Research into the minds of other animals and particularly invertebrates raises questions about how we define and understand consciousness itself. LSE Philosophy PhD student Daria Zakharova discusses how creating an artistic interpretation of the mind of a spider can inspire new legislation and shed light on how we understand developments in new forms artificial of intelligence.

In the summer of 2023, myself and an interdisciplinary team, built a giant sculpture of a spider, in the northern desert of Spain. Our spider was modelled after Portia – a genus of jumping spider known for its excellent vision and sophisticated hunting behaviour that has fascinated researchers for decades.

The installation invited visitors to physically get inside the head of Portia to discover an artistic meditation on the mind of an arthropod. They would enter the sculpture through an opening in the back of its head, walk briefly through a dark corridor and find themselves in a space representing the inside of Portia’s mind. Between its two giant eyes, glowing with lights running in intricate patterns, original music paired with the creative coding of the lights immersed the visitor into a meditation on the spider’s subjective experience.

We called the installation “In Search of Spider Consciousness” an allusion to my supervisor, Jonathan Birch’s paper “The Search for Invertebrate Consciousness”, which accesses several approaches to studying signs (or markers) of consciousness scientifically in invertebrates, animals without a backbone, such as insects and octopuses and to my ongoing research on spider consciousness.

Over 90% of all animals on our planet are invertebrates, yet these are animals whose minds, cognitive abilities and capacity for conscious experiences we underestimate. We tend to think more about dogs, cats or monkeys as having subjective experiences, rather than shrimps, crabs or bees.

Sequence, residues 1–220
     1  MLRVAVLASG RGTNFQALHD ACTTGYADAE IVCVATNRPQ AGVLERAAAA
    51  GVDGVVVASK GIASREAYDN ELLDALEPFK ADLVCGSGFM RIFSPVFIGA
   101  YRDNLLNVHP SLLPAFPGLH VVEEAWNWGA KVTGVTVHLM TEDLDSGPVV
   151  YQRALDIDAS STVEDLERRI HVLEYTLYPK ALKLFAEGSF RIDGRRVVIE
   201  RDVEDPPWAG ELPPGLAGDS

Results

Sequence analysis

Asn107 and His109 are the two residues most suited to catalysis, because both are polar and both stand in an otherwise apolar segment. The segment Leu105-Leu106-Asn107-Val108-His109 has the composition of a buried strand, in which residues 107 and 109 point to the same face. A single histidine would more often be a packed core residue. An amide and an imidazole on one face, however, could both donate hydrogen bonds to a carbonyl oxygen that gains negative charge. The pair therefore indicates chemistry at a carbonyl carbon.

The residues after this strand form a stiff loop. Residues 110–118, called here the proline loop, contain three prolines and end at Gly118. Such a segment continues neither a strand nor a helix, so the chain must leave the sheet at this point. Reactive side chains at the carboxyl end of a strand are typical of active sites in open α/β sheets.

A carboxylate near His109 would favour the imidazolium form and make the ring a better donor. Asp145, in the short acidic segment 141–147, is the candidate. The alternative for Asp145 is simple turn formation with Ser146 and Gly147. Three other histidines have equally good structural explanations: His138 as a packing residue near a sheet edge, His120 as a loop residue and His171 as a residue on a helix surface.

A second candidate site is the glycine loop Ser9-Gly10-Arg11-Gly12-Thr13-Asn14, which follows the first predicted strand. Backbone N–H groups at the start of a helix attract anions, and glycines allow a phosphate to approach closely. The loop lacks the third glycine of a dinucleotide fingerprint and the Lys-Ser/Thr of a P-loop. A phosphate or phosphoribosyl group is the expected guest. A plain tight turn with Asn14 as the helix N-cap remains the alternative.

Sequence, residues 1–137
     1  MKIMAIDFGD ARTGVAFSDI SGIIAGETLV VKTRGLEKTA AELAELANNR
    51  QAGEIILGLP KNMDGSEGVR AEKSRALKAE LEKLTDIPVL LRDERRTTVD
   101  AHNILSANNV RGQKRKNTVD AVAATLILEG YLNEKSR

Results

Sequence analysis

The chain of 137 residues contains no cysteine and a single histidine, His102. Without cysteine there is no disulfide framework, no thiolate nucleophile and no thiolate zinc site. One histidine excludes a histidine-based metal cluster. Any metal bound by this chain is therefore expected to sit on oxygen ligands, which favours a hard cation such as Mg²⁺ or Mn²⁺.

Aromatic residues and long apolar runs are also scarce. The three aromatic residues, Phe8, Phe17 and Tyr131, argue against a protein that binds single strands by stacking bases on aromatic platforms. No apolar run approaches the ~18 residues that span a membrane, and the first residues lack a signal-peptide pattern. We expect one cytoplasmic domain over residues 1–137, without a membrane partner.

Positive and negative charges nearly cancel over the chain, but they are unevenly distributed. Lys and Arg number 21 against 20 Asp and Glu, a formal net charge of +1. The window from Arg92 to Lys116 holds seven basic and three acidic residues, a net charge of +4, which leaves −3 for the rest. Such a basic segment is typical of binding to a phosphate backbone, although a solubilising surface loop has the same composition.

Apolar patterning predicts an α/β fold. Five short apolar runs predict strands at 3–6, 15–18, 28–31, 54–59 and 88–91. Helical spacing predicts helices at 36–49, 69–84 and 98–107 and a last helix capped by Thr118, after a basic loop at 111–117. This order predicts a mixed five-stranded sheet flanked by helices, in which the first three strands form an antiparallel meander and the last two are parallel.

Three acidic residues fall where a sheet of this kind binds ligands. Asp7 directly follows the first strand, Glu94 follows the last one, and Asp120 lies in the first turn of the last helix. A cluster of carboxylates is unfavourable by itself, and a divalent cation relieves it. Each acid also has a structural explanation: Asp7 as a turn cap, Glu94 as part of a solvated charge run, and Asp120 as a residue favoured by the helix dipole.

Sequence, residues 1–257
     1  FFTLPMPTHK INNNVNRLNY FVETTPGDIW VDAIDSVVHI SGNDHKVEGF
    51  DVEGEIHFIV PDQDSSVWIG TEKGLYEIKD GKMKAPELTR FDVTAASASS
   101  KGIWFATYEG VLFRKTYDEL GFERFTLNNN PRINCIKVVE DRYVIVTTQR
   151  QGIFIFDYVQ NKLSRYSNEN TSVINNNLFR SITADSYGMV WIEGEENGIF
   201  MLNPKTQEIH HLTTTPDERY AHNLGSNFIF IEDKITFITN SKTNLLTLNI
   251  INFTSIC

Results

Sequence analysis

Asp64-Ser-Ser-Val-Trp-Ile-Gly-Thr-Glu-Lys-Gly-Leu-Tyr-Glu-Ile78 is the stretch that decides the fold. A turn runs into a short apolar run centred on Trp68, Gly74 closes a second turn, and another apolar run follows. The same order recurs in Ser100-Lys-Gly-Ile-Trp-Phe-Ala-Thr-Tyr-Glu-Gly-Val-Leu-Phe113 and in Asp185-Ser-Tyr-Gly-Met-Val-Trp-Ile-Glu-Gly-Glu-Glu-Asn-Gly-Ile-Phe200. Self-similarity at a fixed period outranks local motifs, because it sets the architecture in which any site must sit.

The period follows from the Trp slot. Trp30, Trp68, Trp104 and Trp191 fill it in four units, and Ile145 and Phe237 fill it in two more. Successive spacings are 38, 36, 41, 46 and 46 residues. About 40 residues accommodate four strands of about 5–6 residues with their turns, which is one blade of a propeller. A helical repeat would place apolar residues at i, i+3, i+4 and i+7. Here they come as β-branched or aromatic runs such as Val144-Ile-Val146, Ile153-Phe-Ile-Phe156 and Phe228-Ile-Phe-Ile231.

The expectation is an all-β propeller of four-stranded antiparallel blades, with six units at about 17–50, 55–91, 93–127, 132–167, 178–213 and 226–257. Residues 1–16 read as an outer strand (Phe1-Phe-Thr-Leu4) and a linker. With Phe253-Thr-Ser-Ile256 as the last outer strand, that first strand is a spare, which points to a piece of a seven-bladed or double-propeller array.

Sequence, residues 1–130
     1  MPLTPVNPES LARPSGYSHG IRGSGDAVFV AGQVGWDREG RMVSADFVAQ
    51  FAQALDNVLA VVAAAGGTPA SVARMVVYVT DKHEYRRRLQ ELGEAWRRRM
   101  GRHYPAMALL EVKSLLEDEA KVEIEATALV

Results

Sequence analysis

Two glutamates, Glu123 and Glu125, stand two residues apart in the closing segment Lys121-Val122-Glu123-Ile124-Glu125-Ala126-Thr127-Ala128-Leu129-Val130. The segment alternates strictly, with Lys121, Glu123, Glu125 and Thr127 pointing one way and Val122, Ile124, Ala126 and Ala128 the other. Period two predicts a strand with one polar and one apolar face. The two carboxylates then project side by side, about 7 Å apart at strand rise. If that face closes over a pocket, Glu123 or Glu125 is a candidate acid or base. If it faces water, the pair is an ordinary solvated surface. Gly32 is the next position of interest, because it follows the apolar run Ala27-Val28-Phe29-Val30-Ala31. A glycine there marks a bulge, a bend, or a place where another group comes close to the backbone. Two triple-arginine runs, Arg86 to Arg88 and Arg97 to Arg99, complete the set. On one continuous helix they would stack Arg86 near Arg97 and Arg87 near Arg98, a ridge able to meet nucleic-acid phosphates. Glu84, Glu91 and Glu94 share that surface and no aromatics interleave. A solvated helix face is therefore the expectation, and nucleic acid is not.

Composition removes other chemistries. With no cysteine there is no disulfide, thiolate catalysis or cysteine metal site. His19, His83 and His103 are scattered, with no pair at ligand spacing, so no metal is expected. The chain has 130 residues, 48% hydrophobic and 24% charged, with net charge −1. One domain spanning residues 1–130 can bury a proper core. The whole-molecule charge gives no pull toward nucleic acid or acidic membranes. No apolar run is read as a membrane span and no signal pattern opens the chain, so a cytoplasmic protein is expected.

Correcting this deficit has been a major focus of the Foundations of Animal Sentience Project (ASENT) at LSE. Whilst this may seem a purely theoretical pursuit, the project has brought about collaborations between biologists and philosophers and has led international discussions on animal welfare and policy. Notably by shaping the UK’s Animal Welfare (Sentience) Act 2022, which extended to protection from inhumane treatment beyond the vertebrates previously covered to certain invertebrates.

This change to UK law recognises cephalopods (such as octopuses and squid) and decapod crusteceans (such as crabs, lobsters and shrimps) as sentient – capable of having positive and negative experiences, pain and suffering being of special interest to the issues around their welfare. However, there are many more invertebrates not legally recognised as sentient. For instance, bees show behaviours strongly suggesting markers of sentience, but are not (yet) covered under the Sentience Act.

The problem of human, animal and other minds

When we talk about conscious or sentient experiences we usually mean that there is something that it feels like to be the subject having the experiences. One difficulty with understanding others’ experience is that we can never have them directly, we can never literaly look into someone else’s head. This is known as the problem of other minds. While some take this to mean that we can never be truly certain of whether other humans are conscious, let alone other animals, the majority agree that we have good reasons to think that other humans are conscious. In studying animal cognition from a philosophical perspective, we are making the case that there are scientifically respectable reasons to think that many other animals share conscious experiences as well, and that these should be factored into their relationships to humans.